Monaco is a great cooperative game and a great single-player game. That combination is sadly rare, but Monaco balances both playstyles with ease. It’s all thanks to the exceptional level design and how the game presents the player with obstacles.
Every mission begins with you dropped at the edge of a black screen. You’re usually tasked with stealing something, but first you have to find that something. Naturally, it’s usually on the top floor of whatever building you’re breaking into, but if there are multiple objectives, they can be spread out across multiple floors. Exploration is part of the challenge.
(In a way, you’re kind of a terrible thief, trying to break into some high security structure without doing any recon or planning beforehand. Though the story does explain that most of these robberies are spontaneous events, you’d still think they would at least know what the perimeter looks like. Oh well, that’s what multiple playthroughs are for.)
As you explore each floor, you’ll encounter a variety of things that impede your progress. There might be roaming guards with machine guns—and you certainly don’t want to be spotted by them—panning or pulsing lasers, security checkpoints, and handprint locked doors that all set off an alarm if you touch them. Other rooms might be filled with civilians who will gladly single you out as a threat and call those guards with machine guns. Making things even harder, if you want to “clean out” a level by collecting all the coins available in it, then you’ll have to find a way past all of these things one way or another.
Certain characters have an advantage when facing certain obstacles and a disadvantage in other areas. Obviously the Hacker is good with electronics, but he first has to find a computer to hack. Meanwhile, the disguised Gentleman can just follow a guard through a checkpoint or handprint door. The Pickpocket’s monkey can collect coins while you hide safely in the bushes, but he’s helpless against all the defenses. The Cleaner can knock people out, but the Lookout can see people through walls. The Redhead can seduce one person, but only one person, into following her. And so on.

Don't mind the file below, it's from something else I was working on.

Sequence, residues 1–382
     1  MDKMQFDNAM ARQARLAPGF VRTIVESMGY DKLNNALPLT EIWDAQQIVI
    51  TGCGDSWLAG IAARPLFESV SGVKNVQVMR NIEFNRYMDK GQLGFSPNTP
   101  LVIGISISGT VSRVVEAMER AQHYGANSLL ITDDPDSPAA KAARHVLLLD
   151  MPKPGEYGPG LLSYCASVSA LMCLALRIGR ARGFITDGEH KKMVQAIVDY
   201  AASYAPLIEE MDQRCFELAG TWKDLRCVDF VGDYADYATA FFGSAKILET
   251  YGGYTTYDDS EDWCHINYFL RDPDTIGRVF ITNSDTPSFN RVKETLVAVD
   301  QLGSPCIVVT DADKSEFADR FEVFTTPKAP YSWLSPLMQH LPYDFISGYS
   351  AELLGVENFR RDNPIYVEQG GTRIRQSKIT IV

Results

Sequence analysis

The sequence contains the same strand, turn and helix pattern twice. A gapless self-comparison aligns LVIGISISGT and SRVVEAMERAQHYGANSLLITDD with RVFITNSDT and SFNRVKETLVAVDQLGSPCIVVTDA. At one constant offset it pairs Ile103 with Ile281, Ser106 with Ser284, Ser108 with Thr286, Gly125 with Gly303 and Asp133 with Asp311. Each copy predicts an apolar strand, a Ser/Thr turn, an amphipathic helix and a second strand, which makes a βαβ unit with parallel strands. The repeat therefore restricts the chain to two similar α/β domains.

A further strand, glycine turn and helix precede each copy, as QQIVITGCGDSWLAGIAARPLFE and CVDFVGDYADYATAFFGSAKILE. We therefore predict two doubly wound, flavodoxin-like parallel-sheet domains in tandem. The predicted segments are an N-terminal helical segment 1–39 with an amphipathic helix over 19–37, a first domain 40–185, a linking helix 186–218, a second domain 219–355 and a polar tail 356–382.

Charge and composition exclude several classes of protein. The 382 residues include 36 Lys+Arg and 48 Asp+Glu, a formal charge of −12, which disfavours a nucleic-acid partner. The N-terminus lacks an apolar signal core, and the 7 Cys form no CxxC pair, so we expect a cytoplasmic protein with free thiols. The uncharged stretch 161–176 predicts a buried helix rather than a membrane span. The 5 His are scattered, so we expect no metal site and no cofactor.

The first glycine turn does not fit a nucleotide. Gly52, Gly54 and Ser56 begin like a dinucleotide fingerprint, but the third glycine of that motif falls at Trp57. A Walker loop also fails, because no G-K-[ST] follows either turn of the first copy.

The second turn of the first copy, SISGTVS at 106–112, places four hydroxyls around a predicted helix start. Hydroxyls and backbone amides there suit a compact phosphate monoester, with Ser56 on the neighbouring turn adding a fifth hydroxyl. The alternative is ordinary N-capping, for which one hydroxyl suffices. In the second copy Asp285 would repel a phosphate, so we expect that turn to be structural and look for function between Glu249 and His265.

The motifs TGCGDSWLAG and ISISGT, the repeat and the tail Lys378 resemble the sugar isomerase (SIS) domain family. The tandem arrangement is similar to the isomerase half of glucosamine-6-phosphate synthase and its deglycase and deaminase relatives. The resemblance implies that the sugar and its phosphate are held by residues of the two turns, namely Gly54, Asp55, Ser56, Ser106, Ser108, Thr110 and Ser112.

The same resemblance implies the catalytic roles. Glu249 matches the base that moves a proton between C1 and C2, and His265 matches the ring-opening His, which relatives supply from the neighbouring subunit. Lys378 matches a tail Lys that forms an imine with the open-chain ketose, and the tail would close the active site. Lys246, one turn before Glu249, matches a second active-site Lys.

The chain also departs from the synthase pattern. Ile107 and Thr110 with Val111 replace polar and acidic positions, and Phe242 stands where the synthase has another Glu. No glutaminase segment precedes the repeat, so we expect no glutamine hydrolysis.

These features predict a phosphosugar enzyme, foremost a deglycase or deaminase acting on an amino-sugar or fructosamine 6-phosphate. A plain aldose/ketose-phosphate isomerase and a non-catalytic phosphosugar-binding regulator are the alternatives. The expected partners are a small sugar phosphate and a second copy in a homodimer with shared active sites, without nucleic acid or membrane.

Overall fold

What all this means is that if you’re playing solo, you’ll inevitably reach what feels like a dead end. Maybe you’re the Hacker and you stumble across a hallway littered with guards—you can’t do anything about that. Or maybe you’re the Gentleman who can sneak past all those guards in disguise, but there’s a laser blocking the way, something that you’re helpless against. In these situations, it’s tempting to think that there’s some way through with every character, but that’s not true. To get past this hypothetical example, you’d need multiple players. Tell the Hacker to disable the lasers while the Gentleman sneaks past—teamwork. The Hacker and Gentleman can’t do it alone, and really no one can. However, while some blockades can only be passed with certain characters or certain teams, there’s always a way around that blockade. That’s the genius at the core of Monaco: The level design forces players to work together but only to get through the most obvious routes.
This is frustrating at first since it feels like the game is rubbing in your face all the things that you can’t do, but part of the puzzle of Monaco is figuring out how to get around the level. If you investigate every nook and corner, you’ll inevitably find another way to your goal: A vent that takes you across the level, a hidden passageway, or just go up another floor and cross the level there, then come back down.
The pace of Monaco is very different depending on the number of players. With four players there’s more of an action focus because it’s okay to die. You have infinite lives as long as someone can revive you. This allows the team to concentrate on confronting obstacles and overcoming them, like disabling the lasers or distracting the guards. When you’re alone, there’s more of a stealth focus since you don’t have any backup. You have to be more careful in everything you do. You have to focus on avoiding the obstacles.
The levels in Monaco are near perfect constructions. We can tackle them in a variety of ways, and every way is viable. The number of obstacles encourages teamwork, giving each member a specialized chance to shine as the hero of the moment, making everyone feel useful even though they’re not necessary. If I ever get frustrated by a team of horrible players, I know I can always tackle this mission solo. It might take longer, it might be harder, but it’s doable. Knowing that I have that experience to fall back on makes the co-op feel like a spontaneous benefit rather than an obligation like it is in so many other games.
With so many people making too-early proclamations about the death of single-player games, it’s ironic that Monaco—a game that was hyped as a fun and frantic co-op experience, specifically—proves that both playstyles can exist side-by-side. Quite literally in this case.
// Notes from the Road
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